lac arenal kitesurf costa rica decouverte
Logo de la réputation sans failleA reputation without fault
since 2008
Logo drapeau de la FranceA single english-speaking contact Logo de panneaux multidirectionnelOur year-round presence on the ground Logo de cartes de créditSimple, secure payment methods

The best kitesurf spots in Costa Rica (part 2)

Our recommendations for kitesurfing in Costa Rica continue!

Another interesting kitesurfing spot: Lake Arenal


Lake Arenal, particularly the northernmost end of the lake, is a well-known spot for wind sports. Rated among the best windsurfing lakes in the world, Lake Arenal offers some of the most intense wind sessions in the world. This makes it an ideal spot for kitesurfing. The wind is very strong and can blow continuously 24 hours a day, 7 days a week during the most intense months. So much so that it’s the epicenter of wind power in Costa Rica. It’s exciting, challenging and a great setting for your next kiting adventure.

There are two launch points around the lake: both well equipped. And there’s nothing like the views of those wind turbines, those green hills, that blue lake water and the incredible Arenal volcano in perfect cone shape at the other end of the lake. Not bad, eh?

All the kite launching and windsurfing spots on Lake Arenal are located on the northern part of the lake. There are usually several windsurfers in the water with kites at their side, but the volume of people is still quite low and not a problem.

Although there are several options, the best in our opinion is to launch on the east side of the northern tip, at TicoWind. The launch area is well laid out, with several services, a grassy area for resting, and a somewhat slippery slope to enter the water. From here, you’ll be able to kite to the south and visit small islands, crossing to the west side of the lake for longer rides.

Other smaller kitesurfing spots

Hermosa Beach, Guanacaste

In the same area of the north Pacific coast, we’ve spotted kitesurfers at Playa Hermosa, Guanacaste. It’s not a safe option and the wind there is mostly good during the off-season, from June to November. You’ll get around three to four hours of kiteable wind a day, but the surfers and extra waves make it an interesting choice and certainly worth the detour.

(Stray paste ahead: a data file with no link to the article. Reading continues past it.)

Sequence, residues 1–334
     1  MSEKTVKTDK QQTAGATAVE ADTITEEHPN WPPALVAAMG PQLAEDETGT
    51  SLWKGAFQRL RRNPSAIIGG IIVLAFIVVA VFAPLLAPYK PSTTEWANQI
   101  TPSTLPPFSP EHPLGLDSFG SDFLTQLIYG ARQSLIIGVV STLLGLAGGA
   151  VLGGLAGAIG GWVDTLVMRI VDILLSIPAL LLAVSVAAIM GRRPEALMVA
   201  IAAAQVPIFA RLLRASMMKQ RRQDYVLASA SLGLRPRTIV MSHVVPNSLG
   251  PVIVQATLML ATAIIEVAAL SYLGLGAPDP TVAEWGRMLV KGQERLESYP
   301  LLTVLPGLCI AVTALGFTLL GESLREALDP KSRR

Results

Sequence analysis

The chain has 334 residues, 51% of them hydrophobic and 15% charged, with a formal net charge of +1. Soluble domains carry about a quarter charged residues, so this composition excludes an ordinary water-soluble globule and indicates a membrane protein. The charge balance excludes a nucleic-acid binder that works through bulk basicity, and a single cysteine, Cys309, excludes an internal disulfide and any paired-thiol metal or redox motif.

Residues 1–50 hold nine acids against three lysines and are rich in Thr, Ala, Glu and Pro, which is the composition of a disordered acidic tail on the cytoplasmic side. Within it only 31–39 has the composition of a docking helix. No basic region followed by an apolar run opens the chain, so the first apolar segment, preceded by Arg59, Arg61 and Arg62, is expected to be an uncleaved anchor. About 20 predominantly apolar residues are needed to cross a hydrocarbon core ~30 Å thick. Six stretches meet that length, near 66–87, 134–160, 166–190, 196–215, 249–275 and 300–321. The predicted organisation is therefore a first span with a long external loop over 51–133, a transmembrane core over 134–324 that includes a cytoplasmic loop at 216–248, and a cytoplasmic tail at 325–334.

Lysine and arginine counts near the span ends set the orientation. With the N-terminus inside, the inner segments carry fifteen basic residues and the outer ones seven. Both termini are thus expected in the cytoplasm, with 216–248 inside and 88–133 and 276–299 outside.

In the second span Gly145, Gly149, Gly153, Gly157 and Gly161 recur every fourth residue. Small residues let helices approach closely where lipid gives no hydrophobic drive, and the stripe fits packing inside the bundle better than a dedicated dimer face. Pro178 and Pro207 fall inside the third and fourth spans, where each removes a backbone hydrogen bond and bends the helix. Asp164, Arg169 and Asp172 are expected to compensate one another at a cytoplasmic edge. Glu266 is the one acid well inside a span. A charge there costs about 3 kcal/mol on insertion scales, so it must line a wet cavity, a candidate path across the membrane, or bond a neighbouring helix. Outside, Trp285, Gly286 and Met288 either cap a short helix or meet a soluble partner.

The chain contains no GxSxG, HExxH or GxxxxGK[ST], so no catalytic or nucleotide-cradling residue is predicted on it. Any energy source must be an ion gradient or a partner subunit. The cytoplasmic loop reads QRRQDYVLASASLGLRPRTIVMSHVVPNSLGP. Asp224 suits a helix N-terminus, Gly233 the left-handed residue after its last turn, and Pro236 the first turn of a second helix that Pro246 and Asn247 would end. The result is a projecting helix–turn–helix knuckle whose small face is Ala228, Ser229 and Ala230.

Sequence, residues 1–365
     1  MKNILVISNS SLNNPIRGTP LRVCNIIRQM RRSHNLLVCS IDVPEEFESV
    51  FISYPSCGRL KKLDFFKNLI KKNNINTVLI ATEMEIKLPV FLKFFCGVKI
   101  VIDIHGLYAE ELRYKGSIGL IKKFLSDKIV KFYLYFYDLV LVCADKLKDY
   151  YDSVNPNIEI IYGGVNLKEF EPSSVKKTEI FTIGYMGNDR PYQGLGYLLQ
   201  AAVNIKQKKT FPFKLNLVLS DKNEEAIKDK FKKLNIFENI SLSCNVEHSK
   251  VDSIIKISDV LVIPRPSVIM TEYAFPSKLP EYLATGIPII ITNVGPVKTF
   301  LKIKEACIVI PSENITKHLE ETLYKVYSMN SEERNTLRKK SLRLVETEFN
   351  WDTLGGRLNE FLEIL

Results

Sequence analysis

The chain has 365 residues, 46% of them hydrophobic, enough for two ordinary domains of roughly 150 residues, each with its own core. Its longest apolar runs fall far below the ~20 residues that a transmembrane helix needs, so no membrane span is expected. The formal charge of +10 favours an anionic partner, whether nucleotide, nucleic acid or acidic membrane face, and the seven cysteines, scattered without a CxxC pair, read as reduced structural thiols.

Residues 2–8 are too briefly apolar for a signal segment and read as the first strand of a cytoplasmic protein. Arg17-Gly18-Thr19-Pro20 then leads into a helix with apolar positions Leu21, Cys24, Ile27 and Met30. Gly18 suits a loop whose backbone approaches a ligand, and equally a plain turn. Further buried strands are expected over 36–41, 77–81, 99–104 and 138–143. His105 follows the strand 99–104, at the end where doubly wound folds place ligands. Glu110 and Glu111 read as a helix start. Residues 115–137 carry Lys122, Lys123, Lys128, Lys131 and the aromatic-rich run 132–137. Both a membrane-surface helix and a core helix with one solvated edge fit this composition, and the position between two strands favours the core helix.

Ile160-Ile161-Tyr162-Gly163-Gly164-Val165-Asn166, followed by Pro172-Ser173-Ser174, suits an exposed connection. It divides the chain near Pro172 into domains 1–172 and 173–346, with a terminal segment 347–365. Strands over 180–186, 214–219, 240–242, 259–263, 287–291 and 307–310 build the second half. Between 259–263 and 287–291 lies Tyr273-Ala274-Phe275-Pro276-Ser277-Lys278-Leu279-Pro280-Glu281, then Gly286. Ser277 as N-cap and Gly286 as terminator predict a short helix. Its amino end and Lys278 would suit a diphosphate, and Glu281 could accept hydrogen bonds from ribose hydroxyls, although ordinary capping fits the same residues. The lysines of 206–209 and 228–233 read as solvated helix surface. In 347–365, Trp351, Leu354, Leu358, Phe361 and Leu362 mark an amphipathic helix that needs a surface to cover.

And, if you’re in the area, it’s a good idea to have both your surfboard and your kitesurfing gear, because when the wind picks up the surf isn’t as good, but obviously that’s the best time of day to get back in the water and kite.

Malpaís and Santa Teresa, Guanacaste

A little further south, but still in the northern province of Guanacaste, you can kite at Malpaís and Santa Teresa. In Malpaís, you’ll find 15 to 20 “knots across” of onshore thermal winds from January to April during the peak kiting season.

Here’s a great video of kitesurfing in Malpaís. But be warned: this is primarily surfer territory here. If you’re looking for full sessions in the water, keep your kiteboarding gear close by. That way, you’ll be able to get in a few good days’ exercise. The beaches of Malpaís and Santa Teresa have plenty of hotels, restaurants, waves and nature, but not yet many kiteboarding equipment vendors. It’s best to find local kiteboarders who can help you, or bring your own equipment.

Pavones Beach, Puntarenas

Costa Rica’s southernmost kite spot is also a well-known surfing beach. It is located in the interior of the Golfo Dulce, at the southern end of the province of Puntarenas, towards the Panamanian border. Pavones is one of Costa Rica’s most famous surf outings, offering one of the longest left-hand waves in the world. This wave can easily be transformed into a three-minute continuous ride on the same wave. Pavones has several points where you can kite when the wind picks up. The choice is yours. This area is pretty remote, but if you can get there on a windy day, it’s worth it.

If you’d like to take a kitesurfing lesson on your next trip to Costa Rica, ask your agent who will book you a lesson with trusted professionals.

No comment regarding « The best kitesurf spots in Costa Rica (part 2) »

Leave a comment

N'hésitez pas à nous faire part dans le cadre ci-dessous de vos envies, de votre projet de voyage, des étapes souhaitées. Précisez éventuellement si vous voyagez avec des enfants, des personnes à handicap…